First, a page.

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FIGURE 6. Optically and electrically evoked tritium efflux was lower in KO than in WT mice. (A,D) Optically (50 Hz) (A) and electrically (50 Hz) (D) induced tritium release in WT and KO mice (n = 5 mice per group). (B,E) JNJ-47965567(JNJ) and AZ-10606120 (AZ) significantly decreased the release of [3H]5-HT elicited by light (50 Hz) (B) and electrical (50 Hz) (E) stimulation from HP slices in WT mice (n = 4 mice per group). (C,F) Treatment with the P2X7 receptor antagonist, JNJ-47965567 did not decreased significantly the tritium efflux elicited by light, OS2 (50 Hz) (C) and electrical, ES (50 Hz) (F) stimulation from HP slices in KO mice (n = 4 mice per group). In every case, we used the protocol of Experiment 2 (see Figure 3) and JNJ-47965567 was added to the perfusion solution 15 min before second light stimuli. (G,H) Optical and electrical stimulations increased the endogenous ATP release in the HP of virus injected WT mice. We used the protocol of Experiment 2. Stim (G) indicates the first optical (OS1) and last, electrical stimulation (ES). The two types of stimulation applied at 50 Hz with same parameters, but not in the same time. X-axis shows the 1 min perfusate samples from the starting of stimulation. Graph in panel (H) represents the area under curve (AUC) values. Baseline is the mean ATP content expressed by AUC method before OS and ES stimulation. (A–F) OS1 and OS2 is a light stimulation and ES is an electrical stimulus. The results are expressed as the net release of tritium evoked by the optical or electrical stimulation period (FRS, %). (G) Data are expressed as pmol/mL of released ATP as means ± SEM (n = 6 per group). Results were analyzed by one-way ANOVA, followed by Scheffe (A,C,D,F) and Dunnett test (B,E), and Kruskal–Wallis ANOVA with Dunn’s test (H), p < 0.05, ∗∗p < 0.01, ∗∗∗p < 0.001. Asterisks indicate significant differences from control.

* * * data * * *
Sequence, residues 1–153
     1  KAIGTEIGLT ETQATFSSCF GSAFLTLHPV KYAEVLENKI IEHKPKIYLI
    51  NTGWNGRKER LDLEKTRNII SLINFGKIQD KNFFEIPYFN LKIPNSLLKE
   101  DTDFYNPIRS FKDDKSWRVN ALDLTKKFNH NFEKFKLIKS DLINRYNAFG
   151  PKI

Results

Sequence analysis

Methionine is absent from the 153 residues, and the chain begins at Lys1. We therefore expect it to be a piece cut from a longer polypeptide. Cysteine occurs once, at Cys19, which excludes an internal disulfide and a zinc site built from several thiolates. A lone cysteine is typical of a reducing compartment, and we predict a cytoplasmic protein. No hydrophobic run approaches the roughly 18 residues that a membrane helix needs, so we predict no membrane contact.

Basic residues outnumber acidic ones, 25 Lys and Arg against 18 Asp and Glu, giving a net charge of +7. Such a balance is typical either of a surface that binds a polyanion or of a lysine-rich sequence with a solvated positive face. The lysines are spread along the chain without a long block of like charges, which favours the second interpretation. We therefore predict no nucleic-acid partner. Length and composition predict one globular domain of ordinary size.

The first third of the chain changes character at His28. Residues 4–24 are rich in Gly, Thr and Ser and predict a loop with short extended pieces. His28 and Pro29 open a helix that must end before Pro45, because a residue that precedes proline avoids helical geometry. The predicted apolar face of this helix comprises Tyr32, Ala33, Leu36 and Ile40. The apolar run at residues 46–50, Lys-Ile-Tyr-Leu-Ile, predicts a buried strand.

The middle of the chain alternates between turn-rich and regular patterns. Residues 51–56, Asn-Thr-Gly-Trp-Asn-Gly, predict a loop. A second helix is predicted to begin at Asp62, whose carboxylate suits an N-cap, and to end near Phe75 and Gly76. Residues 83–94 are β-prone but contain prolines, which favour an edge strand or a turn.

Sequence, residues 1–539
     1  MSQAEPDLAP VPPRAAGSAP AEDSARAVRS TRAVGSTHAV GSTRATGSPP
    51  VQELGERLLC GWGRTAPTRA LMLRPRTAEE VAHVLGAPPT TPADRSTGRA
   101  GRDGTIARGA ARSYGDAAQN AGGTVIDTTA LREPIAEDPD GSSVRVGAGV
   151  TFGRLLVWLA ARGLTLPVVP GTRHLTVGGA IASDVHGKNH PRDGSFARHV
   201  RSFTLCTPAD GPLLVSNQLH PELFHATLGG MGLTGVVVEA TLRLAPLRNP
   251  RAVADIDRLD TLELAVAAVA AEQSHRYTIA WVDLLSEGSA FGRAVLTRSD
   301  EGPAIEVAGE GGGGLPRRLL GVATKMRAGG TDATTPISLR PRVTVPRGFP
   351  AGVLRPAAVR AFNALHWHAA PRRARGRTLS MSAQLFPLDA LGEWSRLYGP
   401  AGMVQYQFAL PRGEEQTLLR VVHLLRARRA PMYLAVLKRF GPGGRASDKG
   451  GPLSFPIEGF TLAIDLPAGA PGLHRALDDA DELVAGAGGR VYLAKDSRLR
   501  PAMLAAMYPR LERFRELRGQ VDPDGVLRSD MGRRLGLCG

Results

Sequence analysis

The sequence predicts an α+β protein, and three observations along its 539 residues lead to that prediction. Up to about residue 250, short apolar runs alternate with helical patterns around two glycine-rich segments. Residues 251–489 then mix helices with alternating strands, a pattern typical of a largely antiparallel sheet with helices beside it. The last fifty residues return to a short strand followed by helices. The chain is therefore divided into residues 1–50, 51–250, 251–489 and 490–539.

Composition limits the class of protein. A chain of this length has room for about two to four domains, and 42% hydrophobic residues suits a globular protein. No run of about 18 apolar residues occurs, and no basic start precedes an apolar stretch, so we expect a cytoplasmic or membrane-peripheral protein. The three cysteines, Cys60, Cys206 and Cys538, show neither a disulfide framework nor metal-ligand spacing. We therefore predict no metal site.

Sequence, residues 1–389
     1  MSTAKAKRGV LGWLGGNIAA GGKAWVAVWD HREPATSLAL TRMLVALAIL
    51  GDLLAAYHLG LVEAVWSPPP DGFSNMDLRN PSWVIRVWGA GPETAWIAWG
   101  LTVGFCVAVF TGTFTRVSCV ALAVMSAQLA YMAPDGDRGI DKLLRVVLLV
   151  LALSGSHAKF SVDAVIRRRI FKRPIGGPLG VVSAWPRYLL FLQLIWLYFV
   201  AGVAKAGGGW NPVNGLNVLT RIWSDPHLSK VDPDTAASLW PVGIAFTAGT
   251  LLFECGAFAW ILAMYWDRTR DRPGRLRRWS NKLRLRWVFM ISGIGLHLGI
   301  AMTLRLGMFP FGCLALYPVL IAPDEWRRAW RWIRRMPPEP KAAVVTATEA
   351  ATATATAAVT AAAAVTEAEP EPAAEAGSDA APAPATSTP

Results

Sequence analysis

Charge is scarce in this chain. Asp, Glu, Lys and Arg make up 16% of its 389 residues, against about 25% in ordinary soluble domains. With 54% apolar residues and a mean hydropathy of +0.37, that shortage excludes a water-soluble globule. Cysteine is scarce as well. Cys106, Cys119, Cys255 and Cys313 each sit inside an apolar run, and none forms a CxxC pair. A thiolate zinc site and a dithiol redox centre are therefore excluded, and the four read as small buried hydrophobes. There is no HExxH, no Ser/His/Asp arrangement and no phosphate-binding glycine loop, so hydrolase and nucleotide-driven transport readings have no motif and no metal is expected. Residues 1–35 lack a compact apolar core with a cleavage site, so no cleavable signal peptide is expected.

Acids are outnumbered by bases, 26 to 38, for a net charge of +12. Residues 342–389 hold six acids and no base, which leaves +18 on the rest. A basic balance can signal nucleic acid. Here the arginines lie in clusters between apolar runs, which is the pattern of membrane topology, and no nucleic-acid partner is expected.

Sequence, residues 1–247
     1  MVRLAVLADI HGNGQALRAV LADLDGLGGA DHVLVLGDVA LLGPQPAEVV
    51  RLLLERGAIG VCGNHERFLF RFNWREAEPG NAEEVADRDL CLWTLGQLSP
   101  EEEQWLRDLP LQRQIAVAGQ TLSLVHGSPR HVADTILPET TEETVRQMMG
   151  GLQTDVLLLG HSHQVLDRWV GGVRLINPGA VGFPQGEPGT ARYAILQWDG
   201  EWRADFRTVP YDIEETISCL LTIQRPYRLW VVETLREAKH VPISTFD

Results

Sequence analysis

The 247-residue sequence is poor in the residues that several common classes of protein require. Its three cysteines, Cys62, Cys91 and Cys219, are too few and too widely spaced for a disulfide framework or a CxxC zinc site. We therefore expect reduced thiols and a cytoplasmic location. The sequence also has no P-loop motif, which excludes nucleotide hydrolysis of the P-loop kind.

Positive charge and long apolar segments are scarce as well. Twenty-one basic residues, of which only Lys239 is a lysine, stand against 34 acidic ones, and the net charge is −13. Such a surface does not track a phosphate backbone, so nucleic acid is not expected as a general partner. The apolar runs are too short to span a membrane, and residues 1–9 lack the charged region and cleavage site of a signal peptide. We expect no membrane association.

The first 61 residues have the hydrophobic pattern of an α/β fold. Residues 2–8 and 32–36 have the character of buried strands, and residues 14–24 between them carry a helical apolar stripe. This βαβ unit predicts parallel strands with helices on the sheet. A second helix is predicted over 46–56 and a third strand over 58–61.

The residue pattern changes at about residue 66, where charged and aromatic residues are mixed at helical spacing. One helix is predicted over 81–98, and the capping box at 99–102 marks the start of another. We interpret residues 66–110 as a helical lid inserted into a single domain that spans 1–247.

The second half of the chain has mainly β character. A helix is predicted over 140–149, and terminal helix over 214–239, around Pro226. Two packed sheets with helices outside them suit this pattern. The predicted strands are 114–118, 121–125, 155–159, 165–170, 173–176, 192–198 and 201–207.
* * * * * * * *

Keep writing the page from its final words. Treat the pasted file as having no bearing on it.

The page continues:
Effects of in Vivo Light and K+ Stimulation on 5-HT, Glutamate and GABA Levels in the MRR in a Microdialysis Study

Finally we assessed, whether local OS leads to the elevation of endogenous neurotransmitters in the MRR, measured by HPLC (Figure 7). After 2-h stabilization period, the basal levels of 5-HT, Glu and GABA reached a steady state in the MRR of all mice. The basal efflux of 5-HT, Glu and GABA were 1.66 ± 0.17 pmol/ml, 3.41 ± 0.43 nmol/ml and 0.46 ± 0.11 nmol/ml, respectively (n = 5 mice per group). In these experiments (Experiment 3, Figure 3) two consecutive 5-min light stimulations were applied with 20 and 50 Hz frequency, which was followed by a 5 min period of K+ depolarization (100 mM). Control mice did not contain the rAVV construct, but were optically stimulated.

FIGURE 7